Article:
CoolSculpting™: Why You Shouldn’t Try It at Home

With how popular CoolSculpting has become, it’s understandable why some patients would try to achieve great results at home. You may have even seen some techniques or devices for cheap. The reality, though, is that DIY CoolSculpting is rarely effective, and can even be detrimental to your skin and body. You should always consult with a professional provider if you’re going to try CoolSculpting. Here are a few reasons why:

The CoolSculpting Technique isn’t so Simple

Many at-home methods rely on a very simplified interpretation of how CoolSculpting works, which is that simply applying ice or frozen materials to fatty areas will kill the fat cells. CoolSculpting is much more intricate and involves the use of precise technology to not only maintain the best temperature to kill fat cells (which is actually just above freezing, or 39⁰F) but also to suction the area into the handpiece where the freezing technique reaches only fat. This method isn’t exactly achievable at home, and any frozen materials will likely become too warm before an optimum temperature can be reached by the cells.

Skin Damage is Likely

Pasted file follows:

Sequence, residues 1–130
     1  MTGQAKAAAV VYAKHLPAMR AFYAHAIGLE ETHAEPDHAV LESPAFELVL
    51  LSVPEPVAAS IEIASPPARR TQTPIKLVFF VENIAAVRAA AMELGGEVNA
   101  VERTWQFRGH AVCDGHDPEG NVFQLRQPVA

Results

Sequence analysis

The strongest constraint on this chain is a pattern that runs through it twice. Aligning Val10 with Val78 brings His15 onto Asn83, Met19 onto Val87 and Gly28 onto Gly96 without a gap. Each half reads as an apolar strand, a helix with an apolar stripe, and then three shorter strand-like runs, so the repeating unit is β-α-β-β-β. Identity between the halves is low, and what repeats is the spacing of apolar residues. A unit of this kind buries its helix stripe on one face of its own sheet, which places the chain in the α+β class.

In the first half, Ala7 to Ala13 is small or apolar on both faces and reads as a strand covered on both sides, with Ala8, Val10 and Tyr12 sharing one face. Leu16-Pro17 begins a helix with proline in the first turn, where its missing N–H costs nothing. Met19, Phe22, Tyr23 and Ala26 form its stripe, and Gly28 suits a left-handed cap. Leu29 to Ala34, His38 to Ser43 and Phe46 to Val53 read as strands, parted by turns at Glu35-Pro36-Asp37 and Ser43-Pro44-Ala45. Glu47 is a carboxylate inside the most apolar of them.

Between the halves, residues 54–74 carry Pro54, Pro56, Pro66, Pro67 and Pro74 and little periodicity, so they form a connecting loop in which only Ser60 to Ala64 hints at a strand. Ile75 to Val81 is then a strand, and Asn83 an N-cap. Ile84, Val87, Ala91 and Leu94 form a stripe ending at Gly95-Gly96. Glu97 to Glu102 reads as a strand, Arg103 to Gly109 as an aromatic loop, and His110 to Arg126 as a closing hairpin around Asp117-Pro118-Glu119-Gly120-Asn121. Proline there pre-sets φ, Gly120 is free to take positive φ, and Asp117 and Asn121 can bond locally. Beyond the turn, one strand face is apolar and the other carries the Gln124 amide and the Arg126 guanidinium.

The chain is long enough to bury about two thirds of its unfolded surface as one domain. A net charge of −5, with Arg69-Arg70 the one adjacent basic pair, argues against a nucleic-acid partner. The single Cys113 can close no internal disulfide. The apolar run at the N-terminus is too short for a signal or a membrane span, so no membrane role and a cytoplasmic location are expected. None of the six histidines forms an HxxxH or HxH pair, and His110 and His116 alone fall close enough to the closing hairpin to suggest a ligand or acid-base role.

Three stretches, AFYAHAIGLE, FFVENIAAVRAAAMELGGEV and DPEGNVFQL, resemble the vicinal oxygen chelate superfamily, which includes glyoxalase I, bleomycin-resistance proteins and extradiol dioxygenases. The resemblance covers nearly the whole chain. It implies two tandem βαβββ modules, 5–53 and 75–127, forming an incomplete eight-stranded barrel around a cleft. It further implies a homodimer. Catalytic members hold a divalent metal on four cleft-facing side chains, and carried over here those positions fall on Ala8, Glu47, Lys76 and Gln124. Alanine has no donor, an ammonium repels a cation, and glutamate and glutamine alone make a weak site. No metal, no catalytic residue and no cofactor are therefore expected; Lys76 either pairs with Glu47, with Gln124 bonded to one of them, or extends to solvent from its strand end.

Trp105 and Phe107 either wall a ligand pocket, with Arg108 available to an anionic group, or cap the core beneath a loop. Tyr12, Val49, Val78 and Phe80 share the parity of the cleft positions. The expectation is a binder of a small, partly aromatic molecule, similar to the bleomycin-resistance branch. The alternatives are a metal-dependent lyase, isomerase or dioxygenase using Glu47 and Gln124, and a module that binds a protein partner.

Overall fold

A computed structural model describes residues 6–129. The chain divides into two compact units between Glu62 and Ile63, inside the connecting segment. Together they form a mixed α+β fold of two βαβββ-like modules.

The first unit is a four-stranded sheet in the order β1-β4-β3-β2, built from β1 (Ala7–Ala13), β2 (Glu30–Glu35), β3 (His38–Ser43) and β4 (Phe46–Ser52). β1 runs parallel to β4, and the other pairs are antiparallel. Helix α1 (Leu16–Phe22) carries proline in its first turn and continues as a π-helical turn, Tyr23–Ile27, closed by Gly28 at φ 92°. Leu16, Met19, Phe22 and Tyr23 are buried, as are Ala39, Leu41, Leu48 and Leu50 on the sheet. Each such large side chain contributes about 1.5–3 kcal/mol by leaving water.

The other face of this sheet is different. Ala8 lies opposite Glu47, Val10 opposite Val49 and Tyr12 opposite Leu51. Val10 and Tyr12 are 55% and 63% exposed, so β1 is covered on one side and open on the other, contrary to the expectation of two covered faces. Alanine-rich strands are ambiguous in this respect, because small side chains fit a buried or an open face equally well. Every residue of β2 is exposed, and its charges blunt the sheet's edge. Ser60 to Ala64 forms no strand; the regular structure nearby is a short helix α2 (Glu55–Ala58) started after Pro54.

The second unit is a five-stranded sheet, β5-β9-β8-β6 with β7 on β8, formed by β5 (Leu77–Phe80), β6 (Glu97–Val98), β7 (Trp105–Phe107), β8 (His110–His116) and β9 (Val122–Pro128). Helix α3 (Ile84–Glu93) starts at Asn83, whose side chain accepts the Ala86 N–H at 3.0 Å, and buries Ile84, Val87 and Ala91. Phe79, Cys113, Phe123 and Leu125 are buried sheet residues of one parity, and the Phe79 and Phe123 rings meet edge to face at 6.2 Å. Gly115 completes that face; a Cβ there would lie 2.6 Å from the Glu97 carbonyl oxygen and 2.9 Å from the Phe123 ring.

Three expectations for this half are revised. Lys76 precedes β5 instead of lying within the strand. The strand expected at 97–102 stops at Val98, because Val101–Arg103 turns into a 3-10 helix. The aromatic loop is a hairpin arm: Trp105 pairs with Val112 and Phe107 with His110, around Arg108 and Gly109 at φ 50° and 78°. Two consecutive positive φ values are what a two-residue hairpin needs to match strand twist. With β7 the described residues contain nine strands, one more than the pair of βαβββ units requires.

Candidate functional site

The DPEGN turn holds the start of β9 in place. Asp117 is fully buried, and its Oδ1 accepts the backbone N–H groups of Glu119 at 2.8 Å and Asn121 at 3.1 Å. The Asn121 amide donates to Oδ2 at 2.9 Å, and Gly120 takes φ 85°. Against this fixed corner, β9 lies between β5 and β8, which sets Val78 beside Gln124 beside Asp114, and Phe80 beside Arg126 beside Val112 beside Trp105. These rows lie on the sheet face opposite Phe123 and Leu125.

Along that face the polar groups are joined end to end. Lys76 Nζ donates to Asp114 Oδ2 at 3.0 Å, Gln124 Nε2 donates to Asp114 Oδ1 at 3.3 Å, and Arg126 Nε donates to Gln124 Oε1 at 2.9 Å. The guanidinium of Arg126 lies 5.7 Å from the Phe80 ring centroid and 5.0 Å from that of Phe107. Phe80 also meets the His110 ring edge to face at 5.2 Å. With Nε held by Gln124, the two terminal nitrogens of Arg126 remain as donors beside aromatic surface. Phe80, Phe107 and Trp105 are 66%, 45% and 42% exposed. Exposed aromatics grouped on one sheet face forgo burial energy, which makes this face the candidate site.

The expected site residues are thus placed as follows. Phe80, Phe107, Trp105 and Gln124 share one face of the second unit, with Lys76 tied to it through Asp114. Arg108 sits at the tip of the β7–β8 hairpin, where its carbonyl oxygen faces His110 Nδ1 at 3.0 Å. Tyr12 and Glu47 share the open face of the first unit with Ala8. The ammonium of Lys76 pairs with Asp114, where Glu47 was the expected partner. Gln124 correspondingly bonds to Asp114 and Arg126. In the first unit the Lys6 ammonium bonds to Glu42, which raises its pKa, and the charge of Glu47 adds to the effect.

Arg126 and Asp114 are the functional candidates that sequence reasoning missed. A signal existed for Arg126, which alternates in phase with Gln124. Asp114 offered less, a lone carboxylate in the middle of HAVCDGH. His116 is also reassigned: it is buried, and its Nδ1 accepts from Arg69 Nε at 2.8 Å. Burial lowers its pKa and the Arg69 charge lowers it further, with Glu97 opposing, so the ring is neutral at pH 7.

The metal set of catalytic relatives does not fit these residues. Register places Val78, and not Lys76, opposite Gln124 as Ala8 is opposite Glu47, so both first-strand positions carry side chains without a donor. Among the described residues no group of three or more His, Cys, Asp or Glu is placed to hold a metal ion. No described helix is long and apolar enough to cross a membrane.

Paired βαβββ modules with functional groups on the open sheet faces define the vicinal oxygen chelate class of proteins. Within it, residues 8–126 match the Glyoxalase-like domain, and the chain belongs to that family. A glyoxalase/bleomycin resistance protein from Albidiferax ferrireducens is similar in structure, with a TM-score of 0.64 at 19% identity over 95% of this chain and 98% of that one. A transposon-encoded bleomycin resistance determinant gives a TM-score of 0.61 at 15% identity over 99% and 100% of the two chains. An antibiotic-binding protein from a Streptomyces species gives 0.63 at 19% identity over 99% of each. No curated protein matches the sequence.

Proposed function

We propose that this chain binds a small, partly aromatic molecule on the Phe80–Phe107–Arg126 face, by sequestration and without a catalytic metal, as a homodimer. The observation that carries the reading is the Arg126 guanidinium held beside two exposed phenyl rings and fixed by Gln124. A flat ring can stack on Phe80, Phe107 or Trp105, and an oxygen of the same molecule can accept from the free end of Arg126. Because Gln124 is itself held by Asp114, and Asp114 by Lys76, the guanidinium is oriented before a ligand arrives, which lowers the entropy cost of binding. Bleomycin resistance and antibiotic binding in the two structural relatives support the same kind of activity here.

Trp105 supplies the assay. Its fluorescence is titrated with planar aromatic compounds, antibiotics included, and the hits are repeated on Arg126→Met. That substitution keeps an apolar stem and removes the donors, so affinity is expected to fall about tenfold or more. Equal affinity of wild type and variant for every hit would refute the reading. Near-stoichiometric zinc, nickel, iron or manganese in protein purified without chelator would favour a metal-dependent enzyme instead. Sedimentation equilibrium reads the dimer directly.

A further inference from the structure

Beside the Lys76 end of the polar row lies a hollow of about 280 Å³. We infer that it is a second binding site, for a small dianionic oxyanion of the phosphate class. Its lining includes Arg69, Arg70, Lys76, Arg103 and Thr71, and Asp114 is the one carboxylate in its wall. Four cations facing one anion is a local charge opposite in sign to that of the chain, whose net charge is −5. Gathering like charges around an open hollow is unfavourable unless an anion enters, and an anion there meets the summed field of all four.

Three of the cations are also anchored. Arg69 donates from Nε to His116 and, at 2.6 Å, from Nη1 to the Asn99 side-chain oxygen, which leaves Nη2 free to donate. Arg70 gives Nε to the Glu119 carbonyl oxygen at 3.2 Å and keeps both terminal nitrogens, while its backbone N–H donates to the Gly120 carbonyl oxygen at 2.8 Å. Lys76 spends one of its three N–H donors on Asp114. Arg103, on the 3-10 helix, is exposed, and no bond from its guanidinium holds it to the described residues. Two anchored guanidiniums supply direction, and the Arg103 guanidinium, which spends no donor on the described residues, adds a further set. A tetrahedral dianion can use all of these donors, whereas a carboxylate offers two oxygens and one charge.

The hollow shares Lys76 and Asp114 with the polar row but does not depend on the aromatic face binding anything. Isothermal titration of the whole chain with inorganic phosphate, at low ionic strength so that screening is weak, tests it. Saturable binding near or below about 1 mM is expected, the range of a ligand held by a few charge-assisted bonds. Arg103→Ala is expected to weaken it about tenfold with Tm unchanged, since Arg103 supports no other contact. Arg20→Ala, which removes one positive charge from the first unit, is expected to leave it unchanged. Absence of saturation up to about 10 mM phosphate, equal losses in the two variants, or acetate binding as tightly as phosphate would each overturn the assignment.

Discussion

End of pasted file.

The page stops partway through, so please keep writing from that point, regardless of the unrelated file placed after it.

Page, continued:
While CoolSculpting targets fat cells with its cooling technology, it uses certain safety features to prevent against damaging the skin. This includes its controlled cooling mechanisms to ensure that only the fat is frozen, not the skin. This is because the fat is frozen at a higher temperature, which is not low enough to cause damage to the surrounding skin. At home, it’s difficult to maintain and measure this threshold, meaning you’ll likely cause burning or even frostbite to the skin over the long periods of time required to theoretically see results. This can even extend to the underlying muscles and nerves, meaning the damage can be even more long-term.

Only CoolSculpting is FDA-approved

Before becoming so popular, CoolSculpting went through rigorous testing to earn its FDA-approval, and it’s the only cryolipolysis technique to do so. That means that knock-offs like at-home cooling belts or icepack techniques have likely not undergone any clinical testing or results-based research, and you assume any risk that comes with it. Because of this, most CoolSculpting providers and dermatologists don’t recommend at-home methods or technologies.

If you have questions about CoolSculpting and what it can do for you, contact our office in Grosse Point to schedule a consultation with Dr. Diggs, who can recommend an effective treatment plan for your problem areas.